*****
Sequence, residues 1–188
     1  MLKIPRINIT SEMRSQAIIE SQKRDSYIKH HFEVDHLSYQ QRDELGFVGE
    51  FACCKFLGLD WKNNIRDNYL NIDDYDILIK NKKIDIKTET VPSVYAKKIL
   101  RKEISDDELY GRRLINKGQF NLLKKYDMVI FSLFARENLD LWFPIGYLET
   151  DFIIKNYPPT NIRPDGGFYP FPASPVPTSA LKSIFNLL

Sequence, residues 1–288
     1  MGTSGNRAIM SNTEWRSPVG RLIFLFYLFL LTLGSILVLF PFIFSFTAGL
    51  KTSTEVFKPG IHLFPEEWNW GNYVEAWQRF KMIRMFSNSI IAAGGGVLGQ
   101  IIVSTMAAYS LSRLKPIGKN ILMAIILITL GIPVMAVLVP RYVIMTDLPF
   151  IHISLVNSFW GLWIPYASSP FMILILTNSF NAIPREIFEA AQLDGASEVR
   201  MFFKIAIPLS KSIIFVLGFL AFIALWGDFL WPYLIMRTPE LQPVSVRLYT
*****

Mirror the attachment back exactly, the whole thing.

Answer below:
Sequence, residues 1–188
     1  MLKIPRINIT SEMRSQAIIE SQKRDSYIKH HFEVDHLSYQ QRDELGFVGE
    51  FACCKFLGLD WKNNIRDNYL NIDDYDILIK NKKIDIKTET VPSVYAKKIL
   101  RKEISDDELY GRRLINKGQF NLLKKYDMVI FSLFARENLD LWFPIGYLET
   151  DFIIKNYPPT NIRPDGGFYP FPASPVPTSA LKSIFNLL

Sequence, residues 1–288
     1  MGTSGNRAIM SNTEWRSPVG RLIFLFYLFL LTLGSILVLF PFIFSFTAGL
    51  KTSTEVFKPG IHLFPEEWNW GNYVEAWQRF KMIRMFSNSI IAAGGGVLGQ
   101  IIVSTMAAYS LSRLKPIGKN ILMAIILITL GIPVMAVLVP RYVIMTDLPF
   151  IHISLVNSFW GLWIPYASSP FMILILTNSF NAIPREIFEA AQLDGASEVR
   201  MFFKIAIPLS KSIIFVLGFL AFIALWGDFL WPYLIMRTPE LQPVSVRLYT